Converting it into an entirely different product by adding TV tuners to make it capable of recording live TV would not only do the opposite by distracting attention away from iTunes as a content source, but would also make it twice as expensive (and therefore half as attractive) and make Apple dependent upon cable TV providers. DVRs pan for gold in the stream of broadcasted programming. If you want to return to the 90s, that’s a great product strategy because cable was the only option for programming back then. Apple wants to sell next generation digital download content in its store. No DVR required for that.

However, the biggest problem Apple would face in selling a DVR is that it would have to court the favor of cable and satellite providers to even get its hypothetical DVR-box installed, or directly compete against the cheap subscription boxes they already provide their users. That’s why TiVo is losing millions. It can’t sell its boxes in competition with provider’s own, and it struggles to remain relevant even as a parter with various providers. It’s a loser’s game, which Apple wisely chooses not to play.

Apple’s iTV & The Case of the Missing DVR
Should Apple TV Copy Tivo and Media Center?

– Add an optical disk, perhaps Blu-Ray. Talk about snatching defeat from the jaws of victory: Apple has been pushing digital downloads as an alternative to the DVD for years now, with pretty decent success. The entire industry’s push behind Blu-Ray had taken the format nearly nowhere, with consumers unimpressed by the slight bump in quality over DVD and irritated by the new format’s DRM restrictions and higher prices. Should Apple trade its early lead in order to bailout Sony, the company that managed to merge two wildly successful franchises, the DVD and the PlayStation 2, into a struggling successor?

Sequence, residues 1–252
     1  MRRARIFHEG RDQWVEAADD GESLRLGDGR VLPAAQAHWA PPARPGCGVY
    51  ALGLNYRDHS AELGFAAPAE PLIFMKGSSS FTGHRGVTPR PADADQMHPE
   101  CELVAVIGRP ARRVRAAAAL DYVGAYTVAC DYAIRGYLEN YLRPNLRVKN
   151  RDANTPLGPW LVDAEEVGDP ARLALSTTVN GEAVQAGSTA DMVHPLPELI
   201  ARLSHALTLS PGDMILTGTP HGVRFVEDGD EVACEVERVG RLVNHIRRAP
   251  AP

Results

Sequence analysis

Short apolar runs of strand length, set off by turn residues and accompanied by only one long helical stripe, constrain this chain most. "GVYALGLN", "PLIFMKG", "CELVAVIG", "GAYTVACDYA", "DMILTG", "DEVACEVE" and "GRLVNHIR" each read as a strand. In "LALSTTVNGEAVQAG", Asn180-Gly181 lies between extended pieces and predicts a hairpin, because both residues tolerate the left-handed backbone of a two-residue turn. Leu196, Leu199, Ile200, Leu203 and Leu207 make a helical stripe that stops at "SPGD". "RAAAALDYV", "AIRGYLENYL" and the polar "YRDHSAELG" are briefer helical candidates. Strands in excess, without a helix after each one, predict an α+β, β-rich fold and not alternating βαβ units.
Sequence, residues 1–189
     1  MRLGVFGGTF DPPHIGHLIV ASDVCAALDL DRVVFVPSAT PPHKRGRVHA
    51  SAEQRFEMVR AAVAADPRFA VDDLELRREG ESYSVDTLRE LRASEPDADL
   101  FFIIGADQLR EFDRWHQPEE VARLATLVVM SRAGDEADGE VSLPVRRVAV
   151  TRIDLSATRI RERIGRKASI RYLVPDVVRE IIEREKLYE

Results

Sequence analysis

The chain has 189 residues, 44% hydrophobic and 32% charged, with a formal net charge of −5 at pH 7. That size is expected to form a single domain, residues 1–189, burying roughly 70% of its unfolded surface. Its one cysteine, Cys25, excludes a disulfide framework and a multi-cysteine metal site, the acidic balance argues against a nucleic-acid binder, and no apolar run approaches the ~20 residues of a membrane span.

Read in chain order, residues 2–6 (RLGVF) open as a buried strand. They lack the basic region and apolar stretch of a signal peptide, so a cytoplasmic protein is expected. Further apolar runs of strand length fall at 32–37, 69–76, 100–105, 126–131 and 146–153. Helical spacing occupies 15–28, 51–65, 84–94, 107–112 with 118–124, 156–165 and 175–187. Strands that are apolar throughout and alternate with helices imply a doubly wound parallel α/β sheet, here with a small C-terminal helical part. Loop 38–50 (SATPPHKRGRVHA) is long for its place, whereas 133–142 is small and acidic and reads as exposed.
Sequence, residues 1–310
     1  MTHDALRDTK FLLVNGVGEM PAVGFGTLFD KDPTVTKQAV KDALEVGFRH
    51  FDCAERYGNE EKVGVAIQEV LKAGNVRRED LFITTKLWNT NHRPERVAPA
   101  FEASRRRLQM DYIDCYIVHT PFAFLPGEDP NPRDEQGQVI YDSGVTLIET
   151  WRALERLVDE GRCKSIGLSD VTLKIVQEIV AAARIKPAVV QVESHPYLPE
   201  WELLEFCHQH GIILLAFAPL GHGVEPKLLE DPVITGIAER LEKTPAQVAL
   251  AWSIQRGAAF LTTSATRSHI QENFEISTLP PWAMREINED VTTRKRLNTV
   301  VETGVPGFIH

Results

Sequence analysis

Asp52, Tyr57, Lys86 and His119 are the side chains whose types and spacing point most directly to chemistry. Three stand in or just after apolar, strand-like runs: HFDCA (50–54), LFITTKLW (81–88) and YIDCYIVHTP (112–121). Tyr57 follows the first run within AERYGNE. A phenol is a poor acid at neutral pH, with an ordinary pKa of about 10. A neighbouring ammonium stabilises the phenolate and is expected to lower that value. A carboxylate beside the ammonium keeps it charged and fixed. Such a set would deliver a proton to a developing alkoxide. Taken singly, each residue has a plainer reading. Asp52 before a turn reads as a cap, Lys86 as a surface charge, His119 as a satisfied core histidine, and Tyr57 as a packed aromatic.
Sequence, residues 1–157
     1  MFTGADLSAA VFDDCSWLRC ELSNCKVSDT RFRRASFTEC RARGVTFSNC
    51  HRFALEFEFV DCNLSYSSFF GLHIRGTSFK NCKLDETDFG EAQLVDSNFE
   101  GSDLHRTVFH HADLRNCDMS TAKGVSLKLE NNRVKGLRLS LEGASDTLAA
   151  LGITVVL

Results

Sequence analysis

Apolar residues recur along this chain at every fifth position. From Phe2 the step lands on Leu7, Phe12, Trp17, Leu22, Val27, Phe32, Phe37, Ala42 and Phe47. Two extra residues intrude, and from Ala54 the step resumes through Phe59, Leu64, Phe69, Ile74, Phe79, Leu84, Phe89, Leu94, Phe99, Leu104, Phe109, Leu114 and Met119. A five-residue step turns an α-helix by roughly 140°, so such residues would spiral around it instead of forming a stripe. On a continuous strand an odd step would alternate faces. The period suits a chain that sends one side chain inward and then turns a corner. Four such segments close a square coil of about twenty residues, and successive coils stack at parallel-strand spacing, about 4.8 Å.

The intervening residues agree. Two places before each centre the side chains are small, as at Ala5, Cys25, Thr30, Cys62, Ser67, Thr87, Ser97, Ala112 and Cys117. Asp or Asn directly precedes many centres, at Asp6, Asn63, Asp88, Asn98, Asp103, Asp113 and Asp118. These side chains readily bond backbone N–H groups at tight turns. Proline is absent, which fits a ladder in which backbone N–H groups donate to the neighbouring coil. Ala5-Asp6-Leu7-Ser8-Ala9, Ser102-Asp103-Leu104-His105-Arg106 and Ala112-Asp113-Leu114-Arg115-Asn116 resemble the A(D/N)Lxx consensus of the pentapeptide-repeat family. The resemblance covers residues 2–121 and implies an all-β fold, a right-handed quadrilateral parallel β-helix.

Adding an optical drive would bump up the cost significantly, and adding a BR disc would elevate the device into an entirely new price category. In addition to the extra hardware costs (and remember that Apple is selling this thing as a loss leader to support iTunes, not as an exercise in distributing the company’s resources to support the strategies of its competitors), adding the ability to actually play DVDs or BR discs would incur additional licensing costs.

That’s why Nintendo’s Wii, which uses a DVD mechanism for its games, can’t actually play DVD movies. Adding that ability would have bumped up the company’s costs and raised the price of the Wii, when the device was designed to play games, not movies. While Nintendo makes money on the licensed Wii games, it wouldn’t make anything were users to play DVD movies on the Wii. Anyone with an Apple TV already has at least one DVD-playing computer. Why not allow that to stream DVDs to the Apple TV for TV playback? Because the DVD licensing terms don’t allow it. Sorry, blame the DVD cartel for that problem.